Market Crash of 2000 and 2008 (Long Term Chart)
The market crashes of 2000 and 2008 were drastically different than 1987. They were much more orderly Bear Markets, giving investors several opportunities to minimize losses by moving from stock funds to the G fund during recovery rallies. They were also ultimately much deeper Bear Markets than 1987. While the top to bottom loss in 1987 was about 35%, the losses in 2000 and 2008 were about 50% and 55% respectively.
Market Crash of 2000 (Short Term Chart)
From mid 1999 thru 2000 we saw lots of volatility with the 200DMA acting as a floor for prices. A double top pattern emerged which was the first sign of potential problems. In October 2000 we lost the 200DMA and the market dropped about 10%. The recovery rally brought prices back up to the intersection of the 50DMA and 200DMA but could not push higher. At this point, investors had recovered most of their losses. This was the BEST time to reallocate from stock funds to the G fund. From the high in September 2000 to the top of the recovery rally, investors who moved to the G fund locked in a loss of about 5%. Those who did not move to the G fund saw their accounts reduced by 50%! It took until early 2007 for the C fund to get back up to the 1450 level. Those who moved to the G fund during the recovery rally locked in a small loss but had a huge opportunity to double their account balance by reallocating back into the stock funds when the trend turned positive in April 2003.
Market Crash of 2008 (Long Term Chart)
The crash of 2008 began as a slow roll over in 2007. The C fund hit the 1550 level twice in 2007 before rolling over. This is significant because 1550 was just above the 2000 high; setting up a long term double top pattern. From the high in October to the low in November the market dropped 11%. The recovery rally failed just above the 50DMA with prices pulling the 50DMA below the 200DMA. This was the beginning of the 2008 crash. Investors who moved to the G fund on this recovery rally locked in about a 5% loss from the October 2007 high. Prices dropped significantly from this point and ultimately formed a double bottom in early 2008 then recovered up to the 200DMA. This failure at the 200DMA was the last best time to reallocate to the G fund. Those who moved to the G fund at the 200DMA in June 2008 locked in a 10% loss from the 2007 high. Those who rode it out in the stock funds saw their accounts reduced by over 55% from the October 2007 high to the low in 2009. The C fund did not see the 1550 level again until mid 2013!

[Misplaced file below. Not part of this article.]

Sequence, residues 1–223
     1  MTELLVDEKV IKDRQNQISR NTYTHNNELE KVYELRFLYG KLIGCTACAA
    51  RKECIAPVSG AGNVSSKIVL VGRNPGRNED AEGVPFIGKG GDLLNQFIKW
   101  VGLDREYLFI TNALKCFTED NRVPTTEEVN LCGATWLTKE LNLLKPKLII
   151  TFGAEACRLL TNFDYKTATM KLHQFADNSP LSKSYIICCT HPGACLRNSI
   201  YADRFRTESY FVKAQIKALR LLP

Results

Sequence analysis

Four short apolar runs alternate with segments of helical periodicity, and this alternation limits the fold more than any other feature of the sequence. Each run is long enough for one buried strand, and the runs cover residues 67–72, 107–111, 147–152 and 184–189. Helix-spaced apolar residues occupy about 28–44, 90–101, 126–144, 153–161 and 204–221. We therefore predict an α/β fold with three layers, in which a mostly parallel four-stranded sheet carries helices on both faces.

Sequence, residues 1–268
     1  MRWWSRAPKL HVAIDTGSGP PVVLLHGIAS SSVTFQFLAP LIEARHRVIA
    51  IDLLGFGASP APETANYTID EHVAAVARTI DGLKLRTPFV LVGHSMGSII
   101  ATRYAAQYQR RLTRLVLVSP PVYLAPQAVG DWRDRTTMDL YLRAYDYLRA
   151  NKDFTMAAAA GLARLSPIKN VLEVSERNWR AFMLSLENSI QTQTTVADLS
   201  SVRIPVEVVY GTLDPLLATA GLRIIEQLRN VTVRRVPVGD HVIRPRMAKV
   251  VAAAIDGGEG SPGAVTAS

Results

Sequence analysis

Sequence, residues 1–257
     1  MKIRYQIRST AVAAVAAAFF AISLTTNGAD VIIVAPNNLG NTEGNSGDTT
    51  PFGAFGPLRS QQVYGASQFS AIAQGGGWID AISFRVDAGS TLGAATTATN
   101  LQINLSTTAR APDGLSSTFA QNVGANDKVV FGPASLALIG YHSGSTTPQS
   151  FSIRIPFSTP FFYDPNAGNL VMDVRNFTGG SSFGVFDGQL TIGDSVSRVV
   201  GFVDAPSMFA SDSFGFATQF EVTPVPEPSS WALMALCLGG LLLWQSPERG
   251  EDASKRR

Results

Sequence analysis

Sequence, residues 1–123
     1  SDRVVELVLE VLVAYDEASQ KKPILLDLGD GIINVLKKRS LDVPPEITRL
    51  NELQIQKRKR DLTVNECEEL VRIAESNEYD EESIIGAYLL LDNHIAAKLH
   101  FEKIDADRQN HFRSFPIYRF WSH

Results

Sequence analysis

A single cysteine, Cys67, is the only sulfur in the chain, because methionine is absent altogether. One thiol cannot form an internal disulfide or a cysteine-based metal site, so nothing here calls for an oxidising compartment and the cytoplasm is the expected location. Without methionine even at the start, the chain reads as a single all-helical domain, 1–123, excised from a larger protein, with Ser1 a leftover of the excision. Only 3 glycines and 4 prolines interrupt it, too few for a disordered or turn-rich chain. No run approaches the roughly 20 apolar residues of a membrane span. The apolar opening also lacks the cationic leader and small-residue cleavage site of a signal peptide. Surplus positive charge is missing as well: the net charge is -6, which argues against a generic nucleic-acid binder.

Ok, there is a lot here to take in. The goal of this post is to get you to look objectively at where we are, get your mind around what is likely coming next, and to use the tools to manage downside risk. There is no way to know what will happen next week. If we’re lucky, the market will rebound to new highs and we’ll be having a completely different conversation in late November. Let’s hope that’s how it plays out but, HOPE IS NOT A STRATEGY!
If you’re in the stock funds you’ve taken some significant paper losses so far in October but, we have not yet had an opportunity that a recovery rally will present. Stay focused on the chart and make educated decisions going forward. The worst thing you can do right now is to focus on the dollar value of your account… Please post questions to comments or FaceBook.
Have a great week!